Half the creeps on cyberspace followed him

Nick Cohen responds to the ill-mannered Nassim Nicholas Taleb.

The spat would not be worth mentioning if it did not show how nothing is now free from the culture war. That nothing includes the skin colours of the population of Roman Britain.

You may need to bear with me as I explain. In December, BBC Teach released on YouTube a video about life in Roman Britain. Shockingly, as it was to turn out, it featured a Roman with dark skin. An editor working for Infowars went on the attack. ‘Thank God the BBC is portraying Roman Britain as ethnically diverse. I mean, who cares about historical accuracy, right?’ Infowars, in case you haven’t heard of it either, is run by Alex Jones. You can call him a cynic or you can call him a madman, according to taste, but he has built his income by spawning the most grotesque conspiracy theories. Like Taleb, he wouldn’t be worth bothering with, were it not a matter of record that Donald Trump is a fan. The fringe has become the mainstream, as I keep saying. Those who don’t fight the cranks before they become powerful are doomed to be governed by them when they do.

True, and sadly so are the rest of us even though we did fight the cranks before they became powerful. God damn it it is so unfair.

Mary Beard said on Twitter that the BBC’s history lesson was ‘indeed pretty accurate, there’s plenty of firm evidence for ethnic diversity in Roman Britain’. Taleb jumped in, and half the creeps on cyberspace followed him. Genetic evidence did not show blacks were in Roman Britain, he said, or I should say appeared to say – his argument was hard to follow, ‘Genes better statisticians than historian hearsay bullshit,’ Taleb continued.

I must try to be fair. Taleb may appear to be a strutting, preening, loudmouthed lout. He may boast like a secretly insecure phoney and rage like a punch-drunk lightweight.

But that doesn’t make him wrong on the facts; that has to be considered separately. Is he wrong on the facts?

So let us see how the evidence stacks up. It is indeed true that the ‘People of the British Isles’ study found no evidence of the 400-year Roman occupation in the genetic makeup of the British. But then it found no genetic evidence that the Danes invaded. That doesn’t mean the Romans and the Danes weren’t here.

Adam Rutherford has just published A Brief History of Everyone Who Ever Lived, a wonderful book which takes the reader through the exploding science of what genes tell us about human history. After he had told me that some of the assertions Taleb was coming out with made no sense at all, Rutherford explained that DNA from Roman remains is hard to find and harder still to examine. ‘It is certainly possible to reconstruct certain aspects of historical demography from DNA extracted from bones, but the picture will never be complete. Some people assert facts based on DNA evidence trumps all we believe’ – he may have been thinking of Taleb here – but ‘DNA is merely another strand of historical evidence, which only works in concert with the more traditional forms of knowing the past.’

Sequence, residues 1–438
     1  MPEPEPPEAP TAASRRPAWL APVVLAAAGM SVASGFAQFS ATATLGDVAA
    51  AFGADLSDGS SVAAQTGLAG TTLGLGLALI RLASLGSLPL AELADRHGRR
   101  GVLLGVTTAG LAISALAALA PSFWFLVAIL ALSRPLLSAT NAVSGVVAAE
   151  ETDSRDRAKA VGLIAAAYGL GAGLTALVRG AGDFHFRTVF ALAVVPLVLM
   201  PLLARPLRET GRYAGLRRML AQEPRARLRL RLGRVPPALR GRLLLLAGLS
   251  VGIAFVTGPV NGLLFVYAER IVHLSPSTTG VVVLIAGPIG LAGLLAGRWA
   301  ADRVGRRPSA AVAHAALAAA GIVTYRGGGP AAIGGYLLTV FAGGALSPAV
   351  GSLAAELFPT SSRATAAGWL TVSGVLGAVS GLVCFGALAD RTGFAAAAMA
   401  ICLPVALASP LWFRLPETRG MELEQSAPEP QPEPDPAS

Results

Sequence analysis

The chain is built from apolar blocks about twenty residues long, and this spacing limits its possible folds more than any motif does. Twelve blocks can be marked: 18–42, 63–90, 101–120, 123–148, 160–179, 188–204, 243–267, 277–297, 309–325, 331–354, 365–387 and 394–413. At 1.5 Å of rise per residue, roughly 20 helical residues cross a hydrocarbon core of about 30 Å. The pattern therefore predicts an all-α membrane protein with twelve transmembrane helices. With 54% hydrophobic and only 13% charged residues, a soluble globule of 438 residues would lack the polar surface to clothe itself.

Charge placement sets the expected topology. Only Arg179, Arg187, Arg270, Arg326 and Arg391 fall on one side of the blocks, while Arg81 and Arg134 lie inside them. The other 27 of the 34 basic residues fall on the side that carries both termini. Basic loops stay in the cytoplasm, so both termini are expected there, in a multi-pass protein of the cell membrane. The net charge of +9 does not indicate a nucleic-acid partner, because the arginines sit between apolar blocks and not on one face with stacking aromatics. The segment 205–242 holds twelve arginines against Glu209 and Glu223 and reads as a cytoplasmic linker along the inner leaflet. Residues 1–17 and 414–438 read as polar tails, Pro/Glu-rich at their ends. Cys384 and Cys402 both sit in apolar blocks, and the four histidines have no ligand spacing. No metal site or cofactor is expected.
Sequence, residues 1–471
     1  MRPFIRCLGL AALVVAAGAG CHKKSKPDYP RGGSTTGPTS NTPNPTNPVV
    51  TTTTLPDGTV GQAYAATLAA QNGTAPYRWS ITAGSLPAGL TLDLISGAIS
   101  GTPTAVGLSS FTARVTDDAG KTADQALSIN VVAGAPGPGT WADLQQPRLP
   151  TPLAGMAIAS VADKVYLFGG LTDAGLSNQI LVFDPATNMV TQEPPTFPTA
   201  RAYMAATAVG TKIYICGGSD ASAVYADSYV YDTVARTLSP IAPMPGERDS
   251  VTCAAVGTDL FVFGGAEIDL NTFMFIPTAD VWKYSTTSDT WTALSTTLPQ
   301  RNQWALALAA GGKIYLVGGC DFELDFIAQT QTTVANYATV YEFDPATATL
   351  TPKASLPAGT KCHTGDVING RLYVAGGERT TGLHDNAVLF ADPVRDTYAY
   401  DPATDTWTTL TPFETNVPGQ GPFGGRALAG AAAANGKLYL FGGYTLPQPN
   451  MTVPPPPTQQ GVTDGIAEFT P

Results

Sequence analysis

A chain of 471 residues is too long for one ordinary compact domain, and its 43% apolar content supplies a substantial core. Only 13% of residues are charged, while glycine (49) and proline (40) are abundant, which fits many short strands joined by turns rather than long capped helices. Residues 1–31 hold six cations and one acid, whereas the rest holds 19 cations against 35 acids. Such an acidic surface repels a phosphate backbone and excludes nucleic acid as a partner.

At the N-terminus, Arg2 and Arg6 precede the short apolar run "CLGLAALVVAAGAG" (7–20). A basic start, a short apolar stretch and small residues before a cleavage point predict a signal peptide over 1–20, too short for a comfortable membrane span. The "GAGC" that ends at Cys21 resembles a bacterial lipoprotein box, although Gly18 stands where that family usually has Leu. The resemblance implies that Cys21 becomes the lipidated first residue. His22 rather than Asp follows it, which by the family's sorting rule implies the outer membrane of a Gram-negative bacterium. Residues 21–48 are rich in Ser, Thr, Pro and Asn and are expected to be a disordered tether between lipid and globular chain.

I’m going to make a wild guess here that one reason the picture will never be complete is because we’ll never have all the DNA there is to have. In many circumstances not finding X does not mean X doesn’t exist. That in fact is the point of “the black swan” trope, which Taleb seized from philosophy. It reminds us that what we can currently detect is not necessarily all there is to detect.

And those other strands show that the multinational Roman Empire brought its multinational citizens to Britain. Beard said she thought that the BBC character was loosely based on Quintus Lollius Urbicus, a man from what is now Algeria, who became governor of Britain. For classical historians, the notion that Roman Britain included people from across the empire is ‘pretty well taken for granted, as a starting point for more detailed and interesting investigations,’ as Neville Morley of Exeter University says.

Rome was an empire. It would be odd if there were no mixing of peoples in an empire.

The last thing this debate is about is history, however. The Trump presidency and the rise of nationalist movements across Europe is politicising the past. If you are Trumpian blowhard, you see an innocuous BBC cartoon showing a black Roman in Britain as an affront. Even if you do not feel affronted, you know you can whip up your supporters to feel offended. For if you do not keep them in a state of perpetual outrage, the wheels would fall off your bandwagon, and then where would you be?

A black face in these circumstances is a provocation and a lie: “bullshit” to use another of the great public intellectual’s favourite words. Indeed, it is worse than a lie: it is propaganda from the globalist multicultural elite, designed to brainwash the masses into believing diversity is a part of our history.

The effort is sinister for two reasons. I am not the type of liberal who throws accusations of racism around. But come now. The torrent of fury Taleb unleashed on Beard has one cause and one cause only: her statement that Roman Britain was diverse. If she had intervened on a controversy about slavery and the agrarian Roman economy, no one would have cared.

I’m going to suggest it has another cause in addition to that one. Beard is a woman. Men like Taleb cannot resist the urge to vomit their bile all over women who dare to say they got something wrong. There are a great many men like Taleb trampling all over the public discourse right now.

Second, and in my view just as sinister, is what the alt-right and politically correct left are doing to public life.

My point exactly. Part of what they are doing to public life is making it just normal for women to expect torrents of abuse simply for participating.

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